James Webb Space Telescope Captures Image of Exploded Star Cassiopeia A with NIRCam

James Webb Space Telescope Captures Image of Exploded Star Cassiopeia A with NIRCam

James Webb Space Telescope Cassiopeia A NIRCam
Hubble may have provided a detailed look at exploded star Cassiopeia A, but the James Webb Space Telescope takes things to a whole new level. Thanks to its NIRCam (Near-Infrared Camera), astronomers are able to study the supernova remnant at a resolution previously unachievable at these wavelengths.


James Webb Space Telescope Cassiopeia A NIRCam
What stands out immediately are the bright orange and light pink clumps that make up the inner shell of the supernova remnant. NIRCam is capable of detecting the tiniest knots of gas, which are comprised of sulfur, oxygen, argon, and neon from the star itself. Within this gas is a mixture of dust and molecules that will eventually become components of new stars as well as planetary systems.

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James Webb Space Telescope Cassiopeia A NIRCam

With NIRCam’s resolution, we can now see how the dying star absolutely shattered when it exploded, leaving filaments akin to tiny shards of glass behind. It’s really unbelievable after all these years studying Cas A to now resolve those details, which are providing us with transformational insight into how this star exploded,” said Danny Milisavljevic of Purdue University.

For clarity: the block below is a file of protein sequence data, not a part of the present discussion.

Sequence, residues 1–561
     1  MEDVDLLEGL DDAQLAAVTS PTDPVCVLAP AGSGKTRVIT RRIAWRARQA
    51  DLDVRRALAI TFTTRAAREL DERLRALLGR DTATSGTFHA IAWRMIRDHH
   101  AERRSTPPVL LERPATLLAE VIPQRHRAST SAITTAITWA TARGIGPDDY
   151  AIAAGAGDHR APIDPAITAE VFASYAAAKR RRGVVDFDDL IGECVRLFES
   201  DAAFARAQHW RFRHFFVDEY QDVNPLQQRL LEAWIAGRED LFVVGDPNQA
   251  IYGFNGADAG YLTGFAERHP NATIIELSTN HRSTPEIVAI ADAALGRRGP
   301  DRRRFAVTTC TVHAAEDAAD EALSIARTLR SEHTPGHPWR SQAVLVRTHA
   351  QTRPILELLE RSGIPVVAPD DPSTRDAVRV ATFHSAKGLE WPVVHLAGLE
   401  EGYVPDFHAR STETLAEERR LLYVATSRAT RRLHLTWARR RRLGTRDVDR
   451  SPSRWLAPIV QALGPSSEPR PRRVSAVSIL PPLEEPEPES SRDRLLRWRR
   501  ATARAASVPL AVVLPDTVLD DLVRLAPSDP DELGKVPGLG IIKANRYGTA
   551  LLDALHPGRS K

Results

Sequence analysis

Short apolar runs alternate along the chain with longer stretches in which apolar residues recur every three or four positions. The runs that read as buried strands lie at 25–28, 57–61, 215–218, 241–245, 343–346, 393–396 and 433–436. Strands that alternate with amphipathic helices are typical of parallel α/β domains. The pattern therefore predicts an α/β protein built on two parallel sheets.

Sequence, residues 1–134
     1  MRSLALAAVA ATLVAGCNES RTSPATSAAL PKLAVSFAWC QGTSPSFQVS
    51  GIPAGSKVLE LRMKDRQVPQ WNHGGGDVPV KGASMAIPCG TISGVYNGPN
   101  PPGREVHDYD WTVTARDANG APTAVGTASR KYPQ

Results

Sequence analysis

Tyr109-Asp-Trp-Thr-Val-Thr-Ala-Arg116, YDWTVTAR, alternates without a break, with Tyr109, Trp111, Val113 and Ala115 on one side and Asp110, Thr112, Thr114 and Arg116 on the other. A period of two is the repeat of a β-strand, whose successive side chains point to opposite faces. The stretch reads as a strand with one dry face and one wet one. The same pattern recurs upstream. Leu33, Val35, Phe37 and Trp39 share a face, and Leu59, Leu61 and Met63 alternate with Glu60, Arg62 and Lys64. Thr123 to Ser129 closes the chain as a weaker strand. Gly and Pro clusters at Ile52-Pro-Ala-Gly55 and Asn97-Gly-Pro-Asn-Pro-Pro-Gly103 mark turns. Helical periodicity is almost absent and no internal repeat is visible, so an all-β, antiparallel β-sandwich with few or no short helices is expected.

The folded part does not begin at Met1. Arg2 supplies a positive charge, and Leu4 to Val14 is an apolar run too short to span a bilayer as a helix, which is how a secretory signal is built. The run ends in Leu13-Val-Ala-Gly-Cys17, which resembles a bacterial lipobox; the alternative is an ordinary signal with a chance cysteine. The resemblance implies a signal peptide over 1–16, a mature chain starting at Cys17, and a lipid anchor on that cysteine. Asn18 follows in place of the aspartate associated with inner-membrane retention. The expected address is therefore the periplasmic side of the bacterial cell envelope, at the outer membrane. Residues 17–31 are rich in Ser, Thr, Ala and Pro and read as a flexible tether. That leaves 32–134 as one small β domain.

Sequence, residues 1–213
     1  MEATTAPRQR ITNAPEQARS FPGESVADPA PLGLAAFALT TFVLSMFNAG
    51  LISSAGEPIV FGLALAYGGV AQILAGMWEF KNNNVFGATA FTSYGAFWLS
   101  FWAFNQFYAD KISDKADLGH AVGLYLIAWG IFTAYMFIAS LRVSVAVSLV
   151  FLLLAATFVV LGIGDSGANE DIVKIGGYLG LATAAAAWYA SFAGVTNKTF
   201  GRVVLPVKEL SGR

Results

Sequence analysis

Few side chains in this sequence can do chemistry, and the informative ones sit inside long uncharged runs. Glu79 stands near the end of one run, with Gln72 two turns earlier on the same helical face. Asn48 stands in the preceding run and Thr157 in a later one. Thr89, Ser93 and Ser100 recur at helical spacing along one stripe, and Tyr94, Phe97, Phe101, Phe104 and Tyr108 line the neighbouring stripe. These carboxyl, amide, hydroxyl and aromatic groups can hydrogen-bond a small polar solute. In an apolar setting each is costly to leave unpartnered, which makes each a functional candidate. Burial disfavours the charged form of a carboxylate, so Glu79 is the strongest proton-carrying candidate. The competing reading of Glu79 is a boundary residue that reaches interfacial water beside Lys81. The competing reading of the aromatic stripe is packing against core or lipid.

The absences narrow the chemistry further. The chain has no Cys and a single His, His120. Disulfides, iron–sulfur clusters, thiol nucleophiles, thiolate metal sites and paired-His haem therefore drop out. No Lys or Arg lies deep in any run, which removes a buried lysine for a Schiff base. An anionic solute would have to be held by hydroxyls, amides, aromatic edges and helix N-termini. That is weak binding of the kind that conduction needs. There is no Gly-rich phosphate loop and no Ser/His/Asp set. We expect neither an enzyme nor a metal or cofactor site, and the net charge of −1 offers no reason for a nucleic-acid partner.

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Jackson Chung

A technology, gadget and video game enthusiast that loves covering the latest industry news. Favorite trade show? Mobile World Congress in Barcelona.

James Webb Space Telescope Observes Milky Way’s Star-Forming Region Sagittarius C with NIRCam

James Webb Space Telescope Observes Milky Way’s Star-Forming Region Sagittarius C with NIRCam

NASA James Webb Space Telescope Sagittarius C NIRCam
Photo credit: NASA, ESA, CSA, STScI, Samuel Crowe (UVA)
NASA’s James Webb Space Telescope shows a portion of the dense center of the Milky Way galaxy like never before. This includes the star-forming region, named Sagittarius C (Sgr C), located approximately 300 light-years from the Milky Way’s central supermassive black hole, Sagittarius A*.

In addition to the estimated 500,000 stars in the image, Webb’s NIRCam (Near-Infrared Camera) also captured a cluster of protostars, resulting in outflows that glow like a bonfire in the midst of an infrared-dark cloud. Why is this significant? Well, there’s never been any infrared data on this region with the level of resolution and sensitivity that Webb can provide, so astronomers are seeing lots of features here for the first time.

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NASA James Webb Space Telescope Sagittarius C NIRCam

The galactic center is a crowded, tumultuous place. There are turbulent, magnetized gas clouds that are forming stars, which then impact the surrounding gas with their outflowing winds, jets, and radiation. Webb has provided us with a ton of data on this extreme environment, and we are just starting to dig into it,” said Rubén Fedriani, a co-investigator of the project at the Instituto Astrofísica de Andalucía in Spain.


Author
Jackson Chung

A technology, gadget and video game enthusiast that loves covering the latest industry news. Favorite trade show? Mobile World Congress in Barcelona.